Debra Jones & Arden C. Post v. Norton
|United States District Courts. 10th Circuit. United States District Court of Utah
|3 F.Supp.3d 1170
|07 March 2014
|Debra JONES and Arden C. Post, individually and as the natural parents of Todd R. Murray; and Debra Jones, as personal representative of the Estate of Todd R. Murray, for and on behalf of the heirs of Todd R. Murray, Plaintiffs, v. Vance NORTON, Vernal City police officer in his official and individual capacity; et al., Defendants.
[3 F.Supp.3d 1176]
Frances C. Bassett, Sandra L. Denton, Todd K. Gravelle, Martha L. King, Fredericks Peebles & Morgan LLP, Louisville, CO, Kimberly D. Washburn, Law Offices of Kimberly D. Washburn, Draper, UT, for Plaintiffs.
Britton R. Butterfield, Jesse C. Trentadue, Noah M. Hoagland, Suitter Axland, Scott D. Cheney, David N. Wolf, Gregory M. Soderberg, Salt Lake City, UT, for Defendants.
[3 F.Supp.3d 1177]
TENA CAMPBELL, District Judge.
On April 1, 2007, after police officers' high speed car chase and subsequent foot pursuit of Todd Murray on the Uintah and Ouray Indian Reservation (the Reservation), Mr. Murray suffered a gun-shot wound to the head. Mr. Murray, who was twenty-one-years old and a member of the Ute Indian Tribe, died that same day in a local hospital. Mr. Murray's parents and Debra Jones, Mr. Murray's mother and the executor of his estate, filed this civil rights lawsuit, alleging that his death was caused by the unconstitutional acts of local law enforcement. This matter comes before the court on cross-motions for summary judgment.1 For the reasons set forth below, the court finds that in all but one instance no unconstitutional violation occurred, and, in that one instance where a violation did occur, the officer is entitled to qualified immunity. Accordingly, the Defendants' motions for summary judgment are GRANTED and Plaintiffs' cross-motion is DENIED.
The Plaintiffs bring civil rights claims under 42 U.S.C. § 1983 and § 1985 against the municipalities of Uintah County and the City of Vernal, and against law enforcement officers, in their individual, as well as their official, capacities. The individual officers are four troopers with the Utah State Highway Patrol (Jeff Chugg, Dave Swenson, Craig Young and Rex Olsen); three Uintah County Sheriff Deputies (Bevan Watkins, Troy Slaugh and Anthoney Byron); Sean Davis, who is an investigator with the Utah Division of Wildlife Resources (DWR); and Vance Norton, a detective with the Vernal City Police Department (collectively, the Individual Defendants). The Plaintiffs also allege two state law claims (assault/battery and wrongful death) against Detective Norton individually.2
In their § 1983 claims against the Individual Defendants, the Plaintiffs allege illegal seizure, excessive force, and failure to intervene to prevent the officers' unconstitutional acts. Under § 1985, they allege conspiracy to obstruct justice and conspiracy to violate Mr. Murray's civil rights based on racial animus. (Vernal City is also named in the Plaintiffs' § 1985 conspiracy claims.) All of the Individual Defendants filed motions for summary judgment on the basis that no constitutional right was violated, but even if there were a violation, they are entitled to qualified immunity from the suit. 3 In response, the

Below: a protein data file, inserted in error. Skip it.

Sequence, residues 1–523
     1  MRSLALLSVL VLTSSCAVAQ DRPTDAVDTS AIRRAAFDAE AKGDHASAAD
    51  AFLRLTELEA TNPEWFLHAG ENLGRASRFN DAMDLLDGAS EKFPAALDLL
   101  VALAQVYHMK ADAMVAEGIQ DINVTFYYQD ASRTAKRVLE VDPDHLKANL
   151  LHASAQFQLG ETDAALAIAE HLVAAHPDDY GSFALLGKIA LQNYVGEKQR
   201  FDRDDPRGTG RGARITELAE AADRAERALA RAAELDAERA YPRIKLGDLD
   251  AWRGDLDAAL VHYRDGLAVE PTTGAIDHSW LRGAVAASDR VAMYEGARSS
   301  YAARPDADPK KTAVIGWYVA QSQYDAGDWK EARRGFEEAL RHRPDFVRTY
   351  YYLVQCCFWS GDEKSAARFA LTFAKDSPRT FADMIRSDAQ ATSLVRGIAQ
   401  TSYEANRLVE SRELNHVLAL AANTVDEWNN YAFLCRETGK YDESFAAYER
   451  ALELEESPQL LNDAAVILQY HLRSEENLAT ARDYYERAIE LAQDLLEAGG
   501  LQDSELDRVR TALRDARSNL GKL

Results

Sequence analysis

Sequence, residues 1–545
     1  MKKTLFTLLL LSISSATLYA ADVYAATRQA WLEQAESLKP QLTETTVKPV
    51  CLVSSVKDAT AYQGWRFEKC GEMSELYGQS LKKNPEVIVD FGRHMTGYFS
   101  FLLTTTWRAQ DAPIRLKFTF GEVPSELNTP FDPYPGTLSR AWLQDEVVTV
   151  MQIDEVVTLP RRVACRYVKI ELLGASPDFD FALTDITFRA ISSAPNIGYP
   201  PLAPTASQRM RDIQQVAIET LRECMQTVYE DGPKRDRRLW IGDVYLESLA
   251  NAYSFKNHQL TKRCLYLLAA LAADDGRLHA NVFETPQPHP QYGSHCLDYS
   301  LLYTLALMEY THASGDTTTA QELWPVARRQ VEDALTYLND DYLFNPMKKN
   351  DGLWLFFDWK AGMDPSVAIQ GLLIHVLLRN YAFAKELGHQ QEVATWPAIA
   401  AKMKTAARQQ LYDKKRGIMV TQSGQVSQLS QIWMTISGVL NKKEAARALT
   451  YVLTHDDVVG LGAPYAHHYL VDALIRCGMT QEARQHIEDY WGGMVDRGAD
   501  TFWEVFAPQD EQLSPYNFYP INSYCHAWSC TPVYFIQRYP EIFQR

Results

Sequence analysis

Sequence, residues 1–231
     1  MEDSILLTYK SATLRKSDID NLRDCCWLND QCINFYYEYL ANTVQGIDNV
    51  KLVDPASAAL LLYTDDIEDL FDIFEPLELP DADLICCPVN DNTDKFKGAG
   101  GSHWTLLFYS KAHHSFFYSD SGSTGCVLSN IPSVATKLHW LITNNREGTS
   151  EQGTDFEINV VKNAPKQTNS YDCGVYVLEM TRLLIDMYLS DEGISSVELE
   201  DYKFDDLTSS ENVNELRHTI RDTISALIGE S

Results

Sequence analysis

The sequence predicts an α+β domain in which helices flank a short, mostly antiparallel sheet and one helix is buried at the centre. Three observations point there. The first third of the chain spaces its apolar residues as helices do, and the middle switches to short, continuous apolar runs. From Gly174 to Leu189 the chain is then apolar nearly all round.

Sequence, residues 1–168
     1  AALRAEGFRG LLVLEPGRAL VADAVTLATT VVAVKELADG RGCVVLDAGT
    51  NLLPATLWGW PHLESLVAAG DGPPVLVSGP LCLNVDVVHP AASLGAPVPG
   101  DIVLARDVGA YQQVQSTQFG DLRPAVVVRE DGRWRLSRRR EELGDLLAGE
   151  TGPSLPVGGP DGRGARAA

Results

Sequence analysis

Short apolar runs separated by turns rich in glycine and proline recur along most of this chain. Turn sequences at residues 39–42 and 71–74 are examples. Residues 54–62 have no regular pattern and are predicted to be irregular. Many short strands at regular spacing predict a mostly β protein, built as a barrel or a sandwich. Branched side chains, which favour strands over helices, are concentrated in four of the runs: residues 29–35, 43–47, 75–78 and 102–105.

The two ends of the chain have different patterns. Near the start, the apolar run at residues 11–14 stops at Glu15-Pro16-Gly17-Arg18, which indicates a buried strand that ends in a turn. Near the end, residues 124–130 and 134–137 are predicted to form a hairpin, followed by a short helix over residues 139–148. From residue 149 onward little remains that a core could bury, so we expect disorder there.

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Plaintiffs filed a cross motion for partial summary judgment against the Individual Defendants on the illegal seizure, excessive force, and failure to intervene claims.4
The Plaintiffs also bring claims against Uintah County and the City of Vernal (collectively, the Municipalities), that employ many of the Individual Defendants. The Plaintiffs allege that the Municipalities failed to train or supervise their officers about jurisdictional limits on their law enforcement authority, probable cause to arrest, and the proper use of force, and failed to implement policies regarding the same.
Uintah County and Vernal City filed motions for summary judgment, arguing that (1) there was no violation of Mr. Murray's civil rights; (2) there is no respondeat superior liability under § 1983 and § 1985; (3) there is no evidence of a causal link between any constitutional violation and the Municipalities' alleged failure to train, supervise, or implement policies; and (4) the jurisdiction arguments fail because there is no evidence that the officers knew Mr. Murray was a member of the Ute Tribe until after Mr. Murray was shot and examined by the EMTs.
On the morning of April 1, 2007, Mr. Murray was a passenger in a car driven by Uriah Kurip. Mr. Murray and Mr. Kurip were driving west on Highway 40 in Uintah County near Vernal, Utah. Trooper Dave Swenson of the Utah Highway Patrol was parked near mile marker 134.6 Mr. Murray and Mr. Kurip drove past Trooper Swenson's parked patrol vehicle. Using his radar, Trooper Swenson recorded the car's speed at 74 miles an hour in a 65 miles-per-hour zone.